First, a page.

Goldfinches are a favorite at backyard bird feeders, but these finicky finches can be a little tricky to attract to the yard consistently. That’s why we’ve put together a list of helpful tips on how to attract goldfinches to your yard and feeders.
There are three species of goldfinch in the United States (American, Lesser, and Lawrence’s). are the most widespread. They can be found year-round in the northern half of the country, and during the non-breeding months all over the southern half of the country. But you may have noticed that you don’t see them frequently, or they show up for few days only to disappear again.
Goldfinches favorite seed to eat from a backyard feeder is nyjer (pronounced NYE-jer). You may also see it sold under the names Niger, nyger, or thistle (even though it isn’t actually thistle seed, confusing I know). When searching for how to attract goldfinches to your yard, this probably the number one tip that you’ll find.
Nyjer are small, black, oily seeds that contain proteins, oil and sugars. They are mainly grown in Africa, India and southeast Asia. Nyjer is enjoyed by many birds, especially members of the finch family such as redpolls, goldfinches, pine siskins, house finches and purples finches. When scattered on the ground juncos and mourning doves also will eat nyjer. As a bonus, squirrels don’t really like this seed.
Nyjer is such a tiny seed, that it doesn’t do well in most types of bird feeders. It will easily slide right out of the feeding ports. It can be scattered on an open tray or . But the most popular way to feed nyjer is in a long, slender tube style feeder.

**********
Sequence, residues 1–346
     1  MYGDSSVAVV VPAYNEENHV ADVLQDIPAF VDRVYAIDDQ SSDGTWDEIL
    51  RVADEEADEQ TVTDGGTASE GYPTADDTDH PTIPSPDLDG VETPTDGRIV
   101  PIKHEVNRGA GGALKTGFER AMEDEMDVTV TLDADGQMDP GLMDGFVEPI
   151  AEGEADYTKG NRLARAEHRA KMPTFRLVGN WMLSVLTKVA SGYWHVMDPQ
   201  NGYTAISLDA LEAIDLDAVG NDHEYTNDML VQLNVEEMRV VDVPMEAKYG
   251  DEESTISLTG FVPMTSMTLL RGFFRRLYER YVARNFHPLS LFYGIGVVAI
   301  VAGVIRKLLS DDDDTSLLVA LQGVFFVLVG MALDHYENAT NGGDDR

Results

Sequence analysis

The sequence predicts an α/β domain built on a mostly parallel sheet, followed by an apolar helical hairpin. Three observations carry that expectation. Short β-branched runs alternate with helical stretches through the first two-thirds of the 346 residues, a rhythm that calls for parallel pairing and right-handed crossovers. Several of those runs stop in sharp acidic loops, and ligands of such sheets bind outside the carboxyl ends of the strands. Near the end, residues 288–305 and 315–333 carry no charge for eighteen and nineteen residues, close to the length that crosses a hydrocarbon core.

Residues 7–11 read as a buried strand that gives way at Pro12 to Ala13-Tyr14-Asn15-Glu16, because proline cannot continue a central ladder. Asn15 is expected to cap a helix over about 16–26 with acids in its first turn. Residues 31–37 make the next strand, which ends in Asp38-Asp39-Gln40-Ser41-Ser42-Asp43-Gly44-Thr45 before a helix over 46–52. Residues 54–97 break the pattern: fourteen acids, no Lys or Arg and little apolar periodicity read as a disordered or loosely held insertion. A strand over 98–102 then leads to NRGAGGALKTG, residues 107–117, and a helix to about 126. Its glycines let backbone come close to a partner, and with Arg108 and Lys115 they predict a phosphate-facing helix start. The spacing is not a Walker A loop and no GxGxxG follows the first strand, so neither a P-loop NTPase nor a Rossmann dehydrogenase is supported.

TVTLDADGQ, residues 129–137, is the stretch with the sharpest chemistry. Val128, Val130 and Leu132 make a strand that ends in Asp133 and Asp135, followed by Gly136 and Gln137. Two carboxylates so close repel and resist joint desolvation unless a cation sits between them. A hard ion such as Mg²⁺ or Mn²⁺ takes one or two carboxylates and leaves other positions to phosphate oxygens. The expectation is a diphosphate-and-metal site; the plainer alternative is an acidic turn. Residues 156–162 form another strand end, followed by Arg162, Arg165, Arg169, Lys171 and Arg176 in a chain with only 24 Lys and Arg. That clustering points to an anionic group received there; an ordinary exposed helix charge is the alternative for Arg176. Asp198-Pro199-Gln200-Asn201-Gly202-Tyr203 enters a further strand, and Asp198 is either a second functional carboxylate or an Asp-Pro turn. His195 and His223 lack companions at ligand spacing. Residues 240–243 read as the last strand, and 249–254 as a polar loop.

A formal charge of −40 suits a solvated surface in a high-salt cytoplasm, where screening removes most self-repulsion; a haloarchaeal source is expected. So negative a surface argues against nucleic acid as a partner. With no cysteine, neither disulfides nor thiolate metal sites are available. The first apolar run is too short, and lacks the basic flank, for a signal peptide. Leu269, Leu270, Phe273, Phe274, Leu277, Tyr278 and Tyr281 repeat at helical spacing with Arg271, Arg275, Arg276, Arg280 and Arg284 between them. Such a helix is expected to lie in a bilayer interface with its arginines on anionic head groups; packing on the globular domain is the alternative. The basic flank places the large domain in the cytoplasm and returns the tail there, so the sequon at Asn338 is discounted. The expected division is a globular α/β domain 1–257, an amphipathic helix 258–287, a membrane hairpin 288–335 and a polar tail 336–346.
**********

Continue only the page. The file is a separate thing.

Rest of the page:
Either made of wire mesh or plastic walls that have multiple perches and small openings. The openings have to be small enough to hold the seed in. A great goldfinch feeder that will feed many hungry birdies is the .
Another oily black seed that goldfinches enjoy are . These seeds have a nutritious, high fat content birds love. The seeds are smaller and easier to crack open than some other types of sunflower seeds, making them perfect for finch’s smaller beaks.
Most backyard birds are a fan of black oil sunflower, so if you wanted to stick with one type of seed that would please the widest variety, this would probably be it.
Black oil sunflower works well with most types of bird feeders, but I would recommend a tube feeder for feeding goldfinches. Something with multiple, staggered perches like this
For more on recommended goldfinch feeders for our top finch feeder picks.
Not many birds would like a dirty feeder or moldy, wet seeds. But finches can be particularly picky. They won’t visit a feeder they find to be too dirty or if they feel the seed has gone stale or bad. Make sure you give your bird feeders a regular cleaning.
Nyjer feeders, especially the ones made of wire mesh, unfortunately get wet easily in rain or snow. Wet nyjer seed gets clumpy, and potentially moldy. Too many cycles of wet and dry and it can become hard like cement at the bottom of the feeder.
If you know a big weather event is coming, it might be best to take your mesh nyjer feeder indoors until the storm passes. If you do leave your feeder outside, check the seed the day after the storm. Is it clumpy and soggy? If so dump it out, give the feeder a good rinse and let it dry, then refill with fresh seed.
You can also hang a weather guard over the top of your bird feeder, such as this large .
Tip 3 says they don’t like dirty, soggy, clumpy seed. That may seem obvious. But what may be less obvious is that goldfinches can be quite picky about how their seed is. Any seed really, but especially nyjer.